Food critic

Over the past year, the bounty of dining destinations in Washington has grown not only in number, but also in diversity, depth and breadth across the city and its suburbs.

Tom Sietsema’s best new restaurants list — made available here for subscribers before the full spring dining guide publishes on May 2 — showcases this year’s bright new stars.

Sietsema did a subscriber-only live chat about these picks on Friday. Read the transcript.

Cangrejo Cake, a Cuban crab cake with pina picante mojo at El Sapo Cuban Social Club in Silver Spring. (Deb Lindsey for The Washington Post)


It took him almost two decades, but Raynold Mendizabal is finally serving the food of his homeland. “I wanted to be a chef first, a Cuban chef second,” says the visionary behind Urban Butcher in Silver Spring and now a jumping dining room where a guitar player strums near the bar, cocktails show up in big coconut shells and glass garage doors roll up in good weather. Diners have friends in seafood and pork (and the servers who present them). Salt cod fritters are little marvels, crisp and greaseless; roast pork is cooked to collapse and delicious with bitter orange and crisp panes of skin. The chef’s go-to main course is mine, too: oxtails marinated in rum, hot peppers and soy sauce and finished with oregano and orange.

El Sapo’s filling food doesn’t leave much space for dessert, but trust me: The sugar-dusted churros served with lemon-lightened whipped cream are worth your while. One of the few downsides is the din. Elsewhere is better for a heart-to-heart or a catch-up with grandparents. Then again, this is a restaurant that makes you want to shout for joy, clap your hands and beat the conga drum at the entrance.

IF YOU GO: 8455 Fenton St., Silver Spring. 301-326-1063. Dinner daily. Dinner $22 to $28. Sound check: 85 decibels / Extremely loud.

Potato galette with egg yolk pudding, sprouting cauliflower and smoked trout roe at Estuary in downtown Washington. (Deb Lindsey for The Washington Post).

ESTUARY (Not yet rated)

Two years in the making, this room with a view on the third floor of the sleek Conrad hotel reunites brothers Bryan and Michael Voltaggio, sons of Maryland who became famous for competing against each other on the sixth season of “Top Chef.” (Michael won.) Their latest joint project is a mash note to the Chesapeake Bay and reveals the siblings’ playful nature. Expect crab, stuffed into a toasted brioche roll and garnished with crab-shaped plantain chips. But also cod, teetering on “ramen” fashioned from sliced cuttlefish and presented in a butter-kissed ginger broth.

You’ll find lamb on the menu, but honestly, the heartier entree is a fist of steamed, dehydrated, roasted celery root with a length of heart of palm poking out. The whimsy looks like a veal shank but turns out to be vegan, right down to the intense-with-tomato reduction pooled around the centerpiece. The most original Key lime pie around features coconut sorbet in a thin chocolate shell resting on a soft saucer of roasted peanuts blended with coconut and, underneath it all, citrus curd.

The drinks are top-flight, the kitchen shows off a red Molteni stove, and floor-to-ceiling windows give diners a bird’s-eye view of CityCenterDC.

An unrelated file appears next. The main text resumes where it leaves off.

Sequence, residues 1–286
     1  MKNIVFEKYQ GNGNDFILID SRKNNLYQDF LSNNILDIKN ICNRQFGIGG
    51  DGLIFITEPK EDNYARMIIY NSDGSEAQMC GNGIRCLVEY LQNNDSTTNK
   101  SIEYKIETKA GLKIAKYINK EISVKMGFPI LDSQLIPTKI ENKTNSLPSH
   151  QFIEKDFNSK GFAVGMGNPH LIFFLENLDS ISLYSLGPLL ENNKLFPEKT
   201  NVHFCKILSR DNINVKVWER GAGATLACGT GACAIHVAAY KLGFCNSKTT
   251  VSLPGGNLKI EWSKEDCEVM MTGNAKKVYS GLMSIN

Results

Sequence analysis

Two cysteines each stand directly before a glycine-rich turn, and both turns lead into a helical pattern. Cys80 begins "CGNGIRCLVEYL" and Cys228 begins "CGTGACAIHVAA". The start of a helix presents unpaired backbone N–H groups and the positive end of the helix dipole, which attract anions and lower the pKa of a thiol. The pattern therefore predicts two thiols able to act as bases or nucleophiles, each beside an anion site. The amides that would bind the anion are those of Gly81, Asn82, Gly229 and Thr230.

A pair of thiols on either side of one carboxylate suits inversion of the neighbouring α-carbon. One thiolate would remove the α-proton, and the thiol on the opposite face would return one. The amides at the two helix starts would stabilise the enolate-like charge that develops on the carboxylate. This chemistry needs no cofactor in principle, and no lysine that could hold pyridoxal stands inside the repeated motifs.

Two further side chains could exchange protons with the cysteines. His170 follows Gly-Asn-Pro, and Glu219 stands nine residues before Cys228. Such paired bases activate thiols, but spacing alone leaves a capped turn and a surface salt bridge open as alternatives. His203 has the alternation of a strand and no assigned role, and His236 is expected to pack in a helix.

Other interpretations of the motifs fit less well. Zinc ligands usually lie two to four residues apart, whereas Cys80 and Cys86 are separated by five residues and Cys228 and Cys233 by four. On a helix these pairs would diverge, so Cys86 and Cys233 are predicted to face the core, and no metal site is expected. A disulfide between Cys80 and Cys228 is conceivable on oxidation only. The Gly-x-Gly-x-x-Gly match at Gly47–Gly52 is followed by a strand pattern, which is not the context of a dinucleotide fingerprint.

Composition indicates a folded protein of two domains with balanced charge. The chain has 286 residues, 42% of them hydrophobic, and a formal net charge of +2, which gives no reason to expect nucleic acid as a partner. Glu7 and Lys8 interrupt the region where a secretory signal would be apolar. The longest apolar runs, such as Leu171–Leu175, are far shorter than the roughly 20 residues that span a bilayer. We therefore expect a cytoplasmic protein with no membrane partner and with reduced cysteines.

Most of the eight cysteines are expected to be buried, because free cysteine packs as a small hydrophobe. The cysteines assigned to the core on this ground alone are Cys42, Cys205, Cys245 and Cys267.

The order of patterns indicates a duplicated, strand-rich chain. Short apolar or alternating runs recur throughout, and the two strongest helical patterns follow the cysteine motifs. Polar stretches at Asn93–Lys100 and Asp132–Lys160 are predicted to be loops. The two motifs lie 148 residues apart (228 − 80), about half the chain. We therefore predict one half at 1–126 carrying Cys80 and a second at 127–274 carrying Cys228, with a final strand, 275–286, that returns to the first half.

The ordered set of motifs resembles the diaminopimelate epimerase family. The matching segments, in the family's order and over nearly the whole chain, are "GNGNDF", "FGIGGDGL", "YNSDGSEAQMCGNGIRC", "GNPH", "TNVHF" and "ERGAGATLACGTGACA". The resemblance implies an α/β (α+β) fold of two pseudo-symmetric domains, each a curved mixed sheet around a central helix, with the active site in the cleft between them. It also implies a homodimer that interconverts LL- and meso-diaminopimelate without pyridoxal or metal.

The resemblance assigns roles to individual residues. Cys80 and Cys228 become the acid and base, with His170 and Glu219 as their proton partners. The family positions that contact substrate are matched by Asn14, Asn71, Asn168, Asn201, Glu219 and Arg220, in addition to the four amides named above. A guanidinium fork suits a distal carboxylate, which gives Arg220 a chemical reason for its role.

IF YOU GO: 950 New York Ave. NW. 202-844-5895. Breakfast and dinner daily, lunch weekdays, brunch weekends. Dinner $24 to $62. Sound check: 76 decibels / Must speak with raised voice.

Early spring vegetable salad at Gravitas in Ivy City. (Deb Lindsey for The Washington Post).

GRAVITAS (2.5 stars)

If there were an award for most improved restaurant of the year, I’d nominate Matt Baker’s airy and light-filled retreat in Ivy City. His food at Gravitas, set in a former tomato canning factory, has always been beautiful. Now, the plates have consistent palatability going for them, too. Consider a recent dinner that commenced with some one-bite snacks — a golden rice fritter with a crown of bachelor buttons, a warm oyster sharing its shell with minced ramps and a hint of pork — and went on to seduce us with a seasonal salad that could have doubled as a headdress for Dionysus, tuna sashimi striped with a crumble of nori and garlic, and morsels of rosy lamb on salsa verde alongside basmati rice.

While I wish the format were a la carte instead of five or seven courses — not everyone wants such largesse on, say, a weeknight — the parade of dishes is a chance to explore Baker’s range. And from the bar flow impressive cocktails, my current choice being a margarita that finds a pinch of sea salt in the lime juice, oils from the citrus on the surface and a glass that remains chilled through the last drop.

New to the program is brunch, where the draws run to silken quiche, sourdough pancakes with glazed blueberries, baked-to-order chocolate chip cookies. And, by the end of May, the rooftop will sport both an open-air cafe, set in a garden, and a glass-enclosed bar and lounge.

IF YOU GO: 1401 Okie St. NE. 202-763-7942. Dinner Tuesday through Sunday, brunch weekends. Five courses $90, seven courses $115. Sound check: 66 decibels / Conversation is easy.

Murals in the dining room at Little Havana in Columbia Heights. (Deb Lindsey for The Washington Post).

LITTLE HAVANA (2.5 stars)